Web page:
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Health information exchange critical but suffers from complications

Brian Eastwood | April 2, 2013
Efforts to expedite the adoption of health information exchange in the United States face a bevy of technology, management and financial questions. There are no easy answers, since HIE organizations are as different as the regions, the populations and the healthcare providers they represent. But there are some lessons to be learned.

Next-Generation HIE Should Behave Like Facebook

For that to happen, the industry needs what HIE leaders are calling HIE 2.0. This suggests that data exchange needs to move beyond secure messaging and patient data look-up in order to succeed-and, under stage 2 of meaningful use, the government program to encourage EHR adoption, it must. In order to attest for meaningful use and receive government incentives, healthcare providers have to demonstrate that they are exchanging patient records and incorporating that structured data into an EHR.

According to the eHealth Initiative, most HIE organizations are, in fact, doing that. Of the 88 responding HIEs that described themselves as operating, sustaining or innovating-collectively, in eHealth Initiative parlance, "advanced" HIEs-more than 80 percent are exchanging laboratory test results, inpatient data, outpatient data and care record summaries. Fewer than one in three, though, are sharing public health reports, which is a key meaningful use measure.

There's more to be done in other areas, too. Joel Ryba, COO of the Health Information Xchange of New York based in the Hudson River Valley, has identified 16 rules for effective HIE, which he deems the "minimum acceptable level" of functionality that an HIE vendor should have if it's trying to sell to HIXNY.

These rules describe the basics of how data should be delivered, abstracted, located, consolidated, aggregated and made available for auditing and clinical reporting purposes. In addition, Ryba notes, an HIE should include a provider directory, maintain data integrity, provide role-based access control, monitor users' adherence to business rules and support interoperability with native EHR environments.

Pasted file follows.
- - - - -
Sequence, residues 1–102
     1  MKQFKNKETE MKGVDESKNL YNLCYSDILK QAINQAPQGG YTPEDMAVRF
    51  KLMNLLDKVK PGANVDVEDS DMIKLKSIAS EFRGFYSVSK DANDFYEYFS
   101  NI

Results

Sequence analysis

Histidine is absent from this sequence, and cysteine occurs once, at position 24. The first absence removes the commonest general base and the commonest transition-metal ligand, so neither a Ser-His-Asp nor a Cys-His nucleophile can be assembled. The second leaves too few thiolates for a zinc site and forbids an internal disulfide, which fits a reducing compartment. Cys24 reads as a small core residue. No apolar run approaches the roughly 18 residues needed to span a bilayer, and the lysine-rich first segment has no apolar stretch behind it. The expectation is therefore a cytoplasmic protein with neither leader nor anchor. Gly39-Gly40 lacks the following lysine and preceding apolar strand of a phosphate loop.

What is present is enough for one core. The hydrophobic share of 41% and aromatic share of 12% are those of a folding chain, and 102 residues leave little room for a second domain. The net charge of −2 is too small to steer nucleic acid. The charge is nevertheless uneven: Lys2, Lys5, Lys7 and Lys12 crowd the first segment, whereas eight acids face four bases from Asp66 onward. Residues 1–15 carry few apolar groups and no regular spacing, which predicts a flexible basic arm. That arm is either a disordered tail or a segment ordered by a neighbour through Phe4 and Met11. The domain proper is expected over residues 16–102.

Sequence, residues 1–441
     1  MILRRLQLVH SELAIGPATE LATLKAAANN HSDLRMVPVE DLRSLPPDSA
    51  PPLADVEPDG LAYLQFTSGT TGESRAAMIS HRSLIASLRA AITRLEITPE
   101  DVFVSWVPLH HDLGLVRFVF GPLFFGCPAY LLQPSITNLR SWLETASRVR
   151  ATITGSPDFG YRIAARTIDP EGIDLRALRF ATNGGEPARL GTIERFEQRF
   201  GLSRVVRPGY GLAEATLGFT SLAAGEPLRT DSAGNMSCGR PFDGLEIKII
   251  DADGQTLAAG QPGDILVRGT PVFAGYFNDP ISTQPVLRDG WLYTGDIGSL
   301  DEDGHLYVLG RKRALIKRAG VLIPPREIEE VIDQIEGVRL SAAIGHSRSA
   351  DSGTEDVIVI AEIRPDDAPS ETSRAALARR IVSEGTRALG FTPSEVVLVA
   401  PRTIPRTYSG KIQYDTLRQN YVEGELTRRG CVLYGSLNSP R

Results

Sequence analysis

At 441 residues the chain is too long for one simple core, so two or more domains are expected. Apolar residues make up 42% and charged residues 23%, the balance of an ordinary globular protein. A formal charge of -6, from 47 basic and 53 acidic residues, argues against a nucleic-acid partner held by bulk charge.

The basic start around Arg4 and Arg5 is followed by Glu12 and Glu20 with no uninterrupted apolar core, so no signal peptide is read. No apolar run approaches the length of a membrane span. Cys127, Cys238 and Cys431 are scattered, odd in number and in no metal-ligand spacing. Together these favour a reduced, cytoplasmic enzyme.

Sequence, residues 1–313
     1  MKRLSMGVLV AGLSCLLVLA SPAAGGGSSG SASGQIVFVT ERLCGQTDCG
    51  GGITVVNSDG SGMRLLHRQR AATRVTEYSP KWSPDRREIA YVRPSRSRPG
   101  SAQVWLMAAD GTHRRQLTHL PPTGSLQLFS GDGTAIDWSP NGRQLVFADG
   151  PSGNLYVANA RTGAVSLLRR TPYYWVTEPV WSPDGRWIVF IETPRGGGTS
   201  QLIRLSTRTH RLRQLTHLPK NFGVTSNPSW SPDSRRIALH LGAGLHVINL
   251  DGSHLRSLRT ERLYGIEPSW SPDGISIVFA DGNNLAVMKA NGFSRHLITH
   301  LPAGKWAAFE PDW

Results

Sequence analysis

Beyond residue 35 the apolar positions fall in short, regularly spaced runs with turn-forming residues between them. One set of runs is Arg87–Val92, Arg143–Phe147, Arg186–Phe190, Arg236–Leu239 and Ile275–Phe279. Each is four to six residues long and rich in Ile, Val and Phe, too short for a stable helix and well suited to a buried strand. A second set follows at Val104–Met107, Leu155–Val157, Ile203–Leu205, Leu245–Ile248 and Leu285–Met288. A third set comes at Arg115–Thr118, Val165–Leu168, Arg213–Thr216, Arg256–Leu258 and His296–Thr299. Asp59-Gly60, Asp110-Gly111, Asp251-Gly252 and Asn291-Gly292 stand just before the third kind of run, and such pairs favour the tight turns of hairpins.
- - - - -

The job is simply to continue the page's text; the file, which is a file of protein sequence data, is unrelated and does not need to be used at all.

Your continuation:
Few products hit the mark, Ryba admits. As a result, the organization has built a lot of its own health data exchange technology, taking a SOA approach. Before joining HIXNY, he built a similar information exchange for the criminal justice system. The concept is similar, he says-putting disparate records in a single XML resource. "You're just creating person-centric histories from multiple sources," he says.

The key is providing abstraction, which HIXNY does with a loosely coupled common information model. This helps in two ways. One, the data model isn't tied to the outbound consumer of the data. Two, it reduces the number of "adapters" necessary to foment data exchange. With, say, 20 hospitals using 50 different EHR systems, a tightly coupled data model would need 1,000 adapters to exchange data. Loosely couple the data, though, and you need only 50 adapters-which means your nonprofit HIE organization can spend less time building new adapters and more time maintaining the ones it has, Ryba says.

In this sense, Ryba equates HIXNY's work not with HIE 2.0 per se but, rather, with a third generation of electronic HIE. The first pushed data to consumers; Ryba likens it to email. The second let consumers pull data and subscribe to notifications; this mirrors the functionality of websites and search engines. The third generation brings push and pull together and adds secure messaging; this is like Facebook, he says.


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